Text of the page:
When you get your ketubah framed, make sure your framer is conversant with conservation materials and techniques. Here’s an article from the Art/Framing Forum at Creativeshake.com. Although this info is more technical than most laypeople will need, you can print it out and bring it to your framer to make sure s/he uses the techniques and materials mentioned here.
I hope you find it useful!
|How would one mount this document printed and hand lettered on watercolor paper? It has a deckled edge and I want that to show. I would think it would be mounted on foamboard, but how can I do that archivally?|
|posted 4/12/2010 9:23:00 AM by Lynn Osterman|
|In recognition of this document”s high personal value (and in some cases, monetary value as well), I suggest using only the finest preservation-grade materials and methods to frame it.
First, for the matting and mounting, use alpha cellulose boards (made of purified pulp or cotton linters), lignin-free and buffered. If you cover the mats with fabric, make sure the fabric and adhesive are chemically stable. Buy the fabric from an established framing-fabric source, and use starch paste or acrylic medium for its adhesive.
Float mount the Ketubah by Japanese paper hinges & starch paste to a slightly undersized 4-ply or 8-ply mounting board. Then attach that assembly to the surface of a sturdy, reinforced background. For reinforcement, use alphacellulose board layers or fluted polypropylene (Archival Coroplast, marketed through Bainbridge distributors). I suggest not using foam center board in the frame package, due to the possibility of offgassing from the styrene core, even though a high quality paper covering would not be an issue.
Mats, with windows cut larger than the artwork, may be elevated to provide an air space of at least 1/8″ between the art and the glazing. That way, the background mat color would be visible, recessed between the edges of the Ketubah and the window mat.
For the glazing, use only 99% UV-filtering glass or 98% UV filtering acrylic. For the best appearance, use optically coated glazing, such as Museum Glass or Museum Optium Acrylic.
Be sure to fit the frame with sufficient tolerance to enable all materials inside to expand and contract freely. Fill the frame”s rabbet depth with insulating filler board layers and install a tight-fitting, sturdy dustcover.
Use a two-point hanging system. If a wire is to be used, be sure to provide two wall hooks, and make the wire long enough to depart the frame at angles of at least 60-degrees from vertical. The closer to vertical the wire departs the frame, the less stress would be imposed on the frame assembly over time.
|posted 4/13/2010 4:50:00 PM by Jim Miller|
I was in New York last weekend, first participating in a panel on the business of calligraphy on Friday night [the video on this link is not currently working, stay tuned], and then spending ten hours on Saturday and Sunday teaching an enthusiastic group of calligraphers from the Society of Scribes everything I know about making a ketubah. We covered:
- deciding on a design and lettering styles
- laying out and copyfitting the text
- collage, painting, drawing, paper cutting, paper sculpture and gilding techniques
And a whole bunch more!
I love love love to teach, so this trip was a real treat. I’ll admit I was anxious about this class – I really wanted it to go well, and it was challenging to figure out how best to structure the info. But if the feedback I got is any indication, the students got a lot out of it.
Today I got this lovely note from the VP of the group, who was also my gracious hostess for the weekend:
I wanted to send a note and tell you that I have received many positive comments in reference to your weekend workshop (Big Text Blocks, Borders and Letters, Oh My!). You did a wonderful job explaining detailed tools and techniques so that we could understand the processes you use to create your amazing art. However, the biggest impact of this workshop on the class was the expansion of artistic possibilities for the calligraphers. Most of the class has been involved with the art of beautiful writing for years. This experience allowed the group to focus on complementary decoration and layout of written text blocks instead of practicing letter forms.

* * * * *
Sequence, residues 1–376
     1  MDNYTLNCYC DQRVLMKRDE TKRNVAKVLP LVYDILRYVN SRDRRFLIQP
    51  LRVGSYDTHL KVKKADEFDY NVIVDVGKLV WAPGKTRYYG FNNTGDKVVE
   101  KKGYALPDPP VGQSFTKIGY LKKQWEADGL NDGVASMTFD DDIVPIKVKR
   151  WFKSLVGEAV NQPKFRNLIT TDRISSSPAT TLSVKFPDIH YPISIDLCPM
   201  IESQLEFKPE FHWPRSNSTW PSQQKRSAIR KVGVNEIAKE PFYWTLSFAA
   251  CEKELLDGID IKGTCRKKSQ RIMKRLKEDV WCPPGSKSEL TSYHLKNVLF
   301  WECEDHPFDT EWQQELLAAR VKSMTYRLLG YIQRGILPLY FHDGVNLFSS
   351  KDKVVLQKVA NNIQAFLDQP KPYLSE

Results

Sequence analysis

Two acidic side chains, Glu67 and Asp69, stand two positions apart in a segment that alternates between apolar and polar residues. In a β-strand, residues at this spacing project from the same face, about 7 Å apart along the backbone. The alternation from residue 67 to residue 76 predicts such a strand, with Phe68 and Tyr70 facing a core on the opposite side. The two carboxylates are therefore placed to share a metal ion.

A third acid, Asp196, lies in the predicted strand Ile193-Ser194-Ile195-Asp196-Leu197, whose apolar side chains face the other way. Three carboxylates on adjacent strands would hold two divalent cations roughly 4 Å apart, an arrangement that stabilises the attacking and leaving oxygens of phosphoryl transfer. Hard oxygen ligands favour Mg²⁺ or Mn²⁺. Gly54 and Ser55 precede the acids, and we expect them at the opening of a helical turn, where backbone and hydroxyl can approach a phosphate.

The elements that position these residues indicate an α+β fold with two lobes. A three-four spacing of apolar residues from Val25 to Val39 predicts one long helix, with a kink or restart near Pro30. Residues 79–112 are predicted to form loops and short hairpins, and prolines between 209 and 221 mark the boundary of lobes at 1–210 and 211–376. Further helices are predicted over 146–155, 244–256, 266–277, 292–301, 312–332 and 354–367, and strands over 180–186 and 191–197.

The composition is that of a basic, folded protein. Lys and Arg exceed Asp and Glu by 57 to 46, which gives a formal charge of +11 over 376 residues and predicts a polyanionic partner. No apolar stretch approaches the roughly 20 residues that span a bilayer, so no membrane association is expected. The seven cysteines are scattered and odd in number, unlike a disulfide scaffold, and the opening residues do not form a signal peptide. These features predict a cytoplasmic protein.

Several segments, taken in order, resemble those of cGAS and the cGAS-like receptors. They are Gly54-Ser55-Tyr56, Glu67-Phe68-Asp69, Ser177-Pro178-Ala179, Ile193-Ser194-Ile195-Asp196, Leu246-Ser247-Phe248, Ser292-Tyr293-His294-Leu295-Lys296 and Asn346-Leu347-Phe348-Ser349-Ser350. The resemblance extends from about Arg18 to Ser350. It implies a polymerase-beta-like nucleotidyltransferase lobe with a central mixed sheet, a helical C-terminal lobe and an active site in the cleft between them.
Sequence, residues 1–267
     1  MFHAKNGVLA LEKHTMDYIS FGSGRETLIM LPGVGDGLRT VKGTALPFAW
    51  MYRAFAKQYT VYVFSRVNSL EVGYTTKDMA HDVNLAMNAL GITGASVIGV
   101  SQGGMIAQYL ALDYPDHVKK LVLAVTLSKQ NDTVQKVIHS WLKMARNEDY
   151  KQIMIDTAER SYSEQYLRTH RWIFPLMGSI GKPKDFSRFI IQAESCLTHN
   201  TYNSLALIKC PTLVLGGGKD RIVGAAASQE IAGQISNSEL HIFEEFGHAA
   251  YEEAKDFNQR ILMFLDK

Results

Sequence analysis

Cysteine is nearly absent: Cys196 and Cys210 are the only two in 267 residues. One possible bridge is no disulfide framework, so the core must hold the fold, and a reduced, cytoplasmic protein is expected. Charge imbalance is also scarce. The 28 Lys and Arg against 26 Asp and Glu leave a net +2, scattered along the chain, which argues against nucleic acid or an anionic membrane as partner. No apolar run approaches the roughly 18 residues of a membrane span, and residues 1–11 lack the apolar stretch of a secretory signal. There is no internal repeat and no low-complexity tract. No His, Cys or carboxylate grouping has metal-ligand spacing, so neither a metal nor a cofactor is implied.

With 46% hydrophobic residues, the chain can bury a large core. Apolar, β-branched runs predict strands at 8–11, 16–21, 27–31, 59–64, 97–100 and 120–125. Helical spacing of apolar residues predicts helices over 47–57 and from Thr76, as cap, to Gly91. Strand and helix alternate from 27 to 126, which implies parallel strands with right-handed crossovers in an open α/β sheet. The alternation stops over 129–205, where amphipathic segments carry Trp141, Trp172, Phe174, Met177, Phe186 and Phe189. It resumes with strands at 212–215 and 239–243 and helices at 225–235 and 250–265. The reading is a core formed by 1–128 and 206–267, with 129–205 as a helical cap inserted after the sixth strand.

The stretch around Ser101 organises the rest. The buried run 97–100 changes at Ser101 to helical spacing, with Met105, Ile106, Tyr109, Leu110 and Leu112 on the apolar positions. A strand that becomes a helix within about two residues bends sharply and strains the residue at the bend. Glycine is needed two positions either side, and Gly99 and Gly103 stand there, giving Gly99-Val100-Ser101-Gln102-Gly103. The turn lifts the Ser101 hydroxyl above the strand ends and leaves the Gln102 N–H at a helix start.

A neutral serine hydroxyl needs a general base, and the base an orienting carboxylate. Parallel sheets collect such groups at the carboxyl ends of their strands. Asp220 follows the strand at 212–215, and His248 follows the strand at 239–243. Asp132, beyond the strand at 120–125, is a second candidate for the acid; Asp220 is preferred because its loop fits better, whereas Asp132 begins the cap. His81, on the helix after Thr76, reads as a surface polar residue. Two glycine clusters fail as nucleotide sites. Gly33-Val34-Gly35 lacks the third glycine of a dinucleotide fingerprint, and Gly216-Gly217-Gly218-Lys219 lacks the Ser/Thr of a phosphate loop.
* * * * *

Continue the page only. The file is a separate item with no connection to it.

We enjoyed the computer e-presentation of your work, detailed answers to all of our questions, your preparedness for the class, and the bonus of hearing your jazz DVD while we worked. Thank you again Melissa, your workshop has been a wonderful addition to our class offerings.
Society of Scribes, Ltd.
New York, New York
All in all, a fabulous weekend! I look forward to my next itinerant teaching opportunity.
What a treat to find my article, Variations on Modern Ketubah Texts: Reform/Egalitarian, Interfaith and Same Sex Wording, on 10,000 Couples!
10,000 Couples was created in October 2009 “as an online magazine dedicated to celebrating, affirming, and strengthening the commitment of gay and lesbian couples to one another and to their relationships. From that first encounter with ‘the one’ to child-proofing your kitchen right through to financing your retirement, we strive to give each matter the seriousness and the humor you deserve.”
I’m so honored that the editors selected my article for publication.
I love making ketubot, invitations, chuppah canopies and other artwork to celebrate gay and lesbian unions. Of course, I love all of my clients, but my gay and lesbian couples get hit with so much prejudice that when they encounter someone who supports them, they practically glow with appreciation!
It just makes me feel all warm and gooey inside!
As a way to ease the challenging process of planning a wedding in a world that doesn’t always support it, I offer a special discount for same gender couples.
If you know of any other great same gender resources, please let me know!
I’ve been a busy bee! It’s wedding season (hooray!), so the ketubah and wedding invitation orders are ramping up again, but I’ve also been hard at work on the new line for my Zazzle shop.
Unlike a ketubah, which can take dozens, even hundreds of hours to design, calligraph, paint/collage/paper cut/etc., these little pieces emerge relatively quickly. And the magic of having them almost instantaneously appear on various 3-dimensional items (thanks to Zazzle’s user interface) just tickles me!
It’s such a treat to make art purely because it inspires me, and will, therefore, hopefully also inspire others.
Enjoy, and let me know what you think!